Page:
The Tata Institute for Genetics and Society's research initiatives leverage new technologies developed at UC San Diego based on self-propagating genetic elements we refer to as “Active Genetics."

Combating Vector-borne DiseaseSTE VG

Pioneering experiments conducted at UC San Diego and UC Irvine have demonstrated that the malaria vector mosquito Anopheles stephensi can be genetically engineered using Active Genetics to express genes targeted against the malarial parasite Plasmodium falciparum, and that this new trait is inherited by nearly all of the mosquitoes’ progeny. Institute researchers and international collaborators are expanding on this work with a goal of developing mosquito strains that may ultimately be used to substantially reduce malaria transmission, using a vector replacement rather than a vector-elimination strategy. In addition to combating malaria, a disease that causes an estimated 450,000 worldwide deaths per year, this approach may also be leveraged against other mosquito-borne-disease agents, including Dengue, Chikungunya and Zika virus.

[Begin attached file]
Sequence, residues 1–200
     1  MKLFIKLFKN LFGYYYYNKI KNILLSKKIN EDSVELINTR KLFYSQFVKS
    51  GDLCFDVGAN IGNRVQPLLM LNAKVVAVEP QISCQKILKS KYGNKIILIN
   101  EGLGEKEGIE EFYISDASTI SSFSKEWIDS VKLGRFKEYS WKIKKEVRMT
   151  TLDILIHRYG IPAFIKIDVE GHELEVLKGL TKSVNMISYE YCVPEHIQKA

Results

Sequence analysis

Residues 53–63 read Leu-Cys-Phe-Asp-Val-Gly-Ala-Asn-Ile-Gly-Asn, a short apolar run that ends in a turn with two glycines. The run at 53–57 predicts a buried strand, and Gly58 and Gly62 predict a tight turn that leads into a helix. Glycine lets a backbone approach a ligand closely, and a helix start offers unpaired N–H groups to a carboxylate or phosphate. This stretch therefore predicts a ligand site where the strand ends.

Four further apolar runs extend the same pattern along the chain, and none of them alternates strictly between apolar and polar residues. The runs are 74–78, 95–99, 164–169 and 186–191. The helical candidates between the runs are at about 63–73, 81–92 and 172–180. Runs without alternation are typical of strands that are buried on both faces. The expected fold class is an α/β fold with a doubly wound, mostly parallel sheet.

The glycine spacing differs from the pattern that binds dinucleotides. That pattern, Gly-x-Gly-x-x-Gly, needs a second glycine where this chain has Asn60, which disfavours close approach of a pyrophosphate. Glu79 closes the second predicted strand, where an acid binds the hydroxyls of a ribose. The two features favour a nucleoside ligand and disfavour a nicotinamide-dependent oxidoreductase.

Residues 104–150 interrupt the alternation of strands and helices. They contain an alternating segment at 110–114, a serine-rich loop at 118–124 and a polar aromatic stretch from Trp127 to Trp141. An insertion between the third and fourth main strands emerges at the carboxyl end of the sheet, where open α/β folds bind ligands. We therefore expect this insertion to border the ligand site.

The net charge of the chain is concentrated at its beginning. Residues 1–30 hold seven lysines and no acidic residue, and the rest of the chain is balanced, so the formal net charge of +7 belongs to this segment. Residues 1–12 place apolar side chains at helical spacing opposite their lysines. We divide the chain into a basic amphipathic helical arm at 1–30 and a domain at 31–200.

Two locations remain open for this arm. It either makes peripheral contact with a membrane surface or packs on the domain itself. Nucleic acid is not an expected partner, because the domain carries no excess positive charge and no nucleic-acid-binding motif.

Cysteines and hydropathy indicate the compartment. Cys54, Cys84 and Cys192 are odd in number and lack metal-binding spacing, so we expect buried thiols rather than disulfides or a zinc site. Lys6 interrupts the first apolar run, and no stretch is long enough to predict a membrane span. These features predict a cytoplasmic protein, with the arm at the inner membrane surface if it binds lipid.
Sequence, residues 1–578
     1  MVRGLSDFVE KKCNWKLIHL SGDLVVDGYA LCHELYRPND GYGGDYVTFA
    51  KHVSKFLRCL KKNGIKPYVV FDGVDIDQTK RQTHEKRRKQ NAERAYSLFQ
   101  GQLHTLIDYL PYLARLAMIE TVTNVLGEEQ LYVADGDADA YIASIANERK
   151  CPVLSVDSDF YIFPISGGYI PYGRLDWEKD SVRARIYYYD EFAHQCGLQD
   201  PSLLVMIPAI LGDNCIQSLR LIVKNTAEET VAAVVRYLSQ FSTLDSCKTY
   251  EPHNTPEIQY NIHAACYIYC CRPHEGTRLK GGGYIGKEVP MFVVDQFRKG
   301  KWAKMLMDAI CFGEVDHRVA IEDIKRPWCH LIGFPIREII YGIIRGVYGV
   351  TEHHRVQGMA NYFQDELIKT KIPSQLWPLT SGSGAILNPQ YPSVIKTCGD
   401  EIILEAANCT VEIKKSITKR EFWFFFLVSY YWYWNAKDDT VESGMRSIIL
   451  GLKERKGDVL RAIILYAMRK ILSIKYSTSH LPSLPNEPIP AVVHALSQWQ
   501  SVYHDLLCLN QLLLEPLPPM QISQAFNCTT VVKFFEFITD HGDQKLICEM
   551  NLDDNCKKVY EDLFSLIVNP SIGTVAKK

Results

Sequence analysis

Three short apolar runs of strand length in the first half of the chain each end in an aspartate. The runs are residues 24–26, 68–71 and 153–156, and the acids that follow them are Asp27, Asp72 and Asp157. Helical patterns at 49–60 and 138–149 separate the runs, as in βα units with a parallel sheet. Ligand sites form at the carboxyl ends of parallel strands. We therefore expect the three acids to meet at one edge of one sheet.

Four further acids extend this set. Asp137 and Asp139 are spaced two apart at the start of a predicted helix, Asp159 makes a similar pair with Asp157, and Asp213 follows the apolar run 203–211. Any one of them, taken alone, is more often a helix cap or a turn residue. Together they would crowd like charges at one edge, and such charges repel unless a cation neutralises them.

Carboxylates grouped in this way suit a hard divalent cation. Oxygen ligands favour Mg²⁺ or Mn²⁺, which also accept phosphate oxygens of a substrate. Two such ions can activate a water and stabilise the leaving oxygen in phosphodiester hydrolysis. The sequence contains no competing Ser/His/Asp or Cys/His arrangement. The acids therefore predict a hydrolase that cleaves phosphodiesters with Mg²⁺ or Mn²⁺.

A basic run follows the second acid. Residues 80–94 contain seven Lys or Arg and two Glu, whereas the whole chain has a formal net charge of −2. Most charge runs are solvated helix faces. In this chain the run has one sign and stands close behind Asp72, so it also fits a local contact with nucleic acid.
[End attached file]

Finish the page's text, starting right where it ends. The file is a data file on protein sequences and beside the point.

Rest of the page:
The Institute’s vector-borne disease program brings together international experts from molecular biology, entomology, public health, community engagement and regulation. Future field trials will adhere to guidelines developed by the World Health Organization, National Academies of Sciences and regulatory agencies of the United States and India. The Institute is following a phased approach to test both safety and efficacy of the strains as our work progresses.

Broader Applications

Several potentially impactful applications of Active Genetics are also being explored by a network of highly interactive faculty at UC San Diego who seek to develop this platform for use in other invertebrate species, vertebrates and plants. Applications include cell engineering, control of crop pests, development of new agricultural crop strains, creation of new humanized mouse models for studying and treating diseases such as cancer and potentially restoring microbial sensitivity to antibiotics.